A young former preschool teacher (Hiroko Yakushimaru) meets a traveling magician (newcomer Hironobu Nomura) by the sea. The two go on a road trip in order for the teacher to reconnect with a former pupil who has moved out west. Despite their initial attraction, the two bicker on the road until they meet a nomadic jazz singer (Kaori Momoi), an alluring older woman with more life experience. Made when Morita was still riding high off the hit The Family Game and on the heels of his freewheeling Deaths in Tokimeki, the director’s early feature takes a grand and summery youthful meander through Japanese beach towns. Conceived as a star vehicle for pop idol Yakushimaru (Sailor Suit and Machine Gun), Main Theme uses Morita’s sizable, industry-backed budget to present an irreverent road movie full of delightful tricks and confetti.
Sunday, December 4 at 8:45pm
The Mamiya Brothers
Yoshimitsu Morita, Japan, 2006, 119m
A charming, tender comedy that recalls Morita’s earliest narrative features, The Mamiya Brothers follows two siblings, the elder Akinobu (Kuranosuke Sasaki) and the younger Tetsunobu (Muga Tsukaji), 30-somethings who live together and have created an entire world unto themselves. But the comforts of routine and each other’s company do little to compensate for a glaring absence: any love life whatsoever for either. When Akinobu falls for a clerk at a video rental shop, Tetsunobu takes it upon himself to help his brother in his quest for romance, but of course, the best laid plans… A touching late career work, The Mamiya Brothers attests to the staggering scope of Morita’s filmic artistry.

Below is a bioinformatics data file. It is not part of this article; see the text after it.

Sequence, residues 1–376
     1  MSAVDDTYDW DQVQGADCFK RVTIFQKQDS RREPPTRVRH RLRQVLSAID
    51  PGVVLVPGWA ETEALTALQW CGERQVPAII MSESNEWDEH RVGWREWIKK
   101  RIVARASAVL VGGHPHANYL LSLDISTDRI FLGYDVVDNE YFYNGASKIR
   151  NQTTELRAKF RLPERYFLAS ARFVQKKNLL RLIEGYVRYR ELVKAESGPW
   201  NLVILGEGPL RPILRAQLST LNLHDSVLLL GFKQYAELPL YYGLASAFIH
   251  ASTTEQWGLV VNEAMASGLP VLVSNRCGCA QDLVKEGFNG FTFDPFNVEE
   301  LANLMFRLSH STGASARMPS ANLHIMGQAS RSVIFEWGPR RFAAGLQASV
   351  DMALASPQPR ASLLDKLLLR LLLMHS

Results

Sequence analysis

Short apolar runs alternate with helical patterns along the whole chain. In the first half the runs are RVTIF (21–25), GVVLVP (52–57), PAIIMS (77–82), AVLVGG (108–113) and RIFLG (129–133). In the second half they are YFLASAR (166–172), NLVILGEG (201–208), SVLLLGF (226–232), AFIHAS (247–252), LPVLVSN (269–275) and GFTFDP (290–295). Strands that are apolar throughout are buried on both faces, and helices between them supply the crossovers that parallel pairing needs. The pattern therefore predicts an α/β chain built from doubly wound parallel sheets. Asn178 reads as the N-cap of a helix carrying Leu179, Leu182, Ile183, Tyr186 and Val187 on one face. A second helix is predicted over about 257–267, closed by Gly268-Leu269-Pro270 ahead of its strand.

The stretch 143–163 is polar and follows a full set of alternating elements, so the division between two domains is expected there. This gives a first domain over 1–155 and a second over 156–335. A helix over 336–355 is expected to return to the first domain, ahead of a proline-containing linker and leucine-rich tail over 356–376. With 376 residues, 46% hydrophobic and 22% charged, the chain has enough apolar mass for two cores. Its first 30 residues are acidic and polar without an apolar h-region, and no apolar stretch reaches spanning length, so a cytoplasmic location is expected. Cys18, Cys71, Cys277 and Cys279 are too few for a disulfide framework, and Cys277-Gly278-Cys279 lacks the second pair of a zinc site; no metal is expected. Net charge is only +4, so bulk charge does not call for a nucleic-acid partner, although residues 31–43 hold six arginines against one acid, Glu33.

Sunday, December 11 at 9:00pm
Something Like It
Yoshimitsu Morita, Japan, 1981, 103m
Life seems to be good for Shintoto, an up-and-coming rakugo artist who has just had his first sexual experience at a local brothel. Lucky for him, he gets to date the beautiful sex worker he meets that day, and a younger high school rakugo aficionado is also vying for his attention. But for clumsy, heart-on-his-sleeve Shintoto, life doesn’t stay rosy for long. Reflecting Morita’s belief that “anybody can write one masterpiece about the world they know best,” his debut theatrical feature (after his three prior 8mm DIY features) is a charming and comical coming-of-age tale set in the worlds of rakugo (a traditional form of Japanese sit-down comedy) and sex work, with impressions of the latter drawn from his interactions with the clientele of the restaurant where he was raised. Real-life rakugo artists are featured in abundance, lending the film an authenticity that enhances Morita’s stylized viewpoint.
Wednesday, December 7 at 6:30pm
Yoshimitsu Morita, Japan, 1982, 67m
Morita’s early feature marked his foray into the pink film and is a coming-of-age tale suffused with anarchic energy and a rebellious touch all his own. Yoichi (Kensuke Miyawaki) falls hard for exotic dancer Gloria (Kaori Okamoto) and visits the local club where she works each day, her beauty dominating his every waking thought. This boyish fixation sets the stage for a host of disappointments and triumphs, and Morita chronicles Yoichi’s journey to adulthood as a clumsy, faltering process fueled by the sheer force of young love. Among the most visually inventive films of its genre, Top Stripper is both a delirious sex parable and a sneakily profound meditation on the boundaries between performer and spectator.
Saturday, December 10 at 9:30pm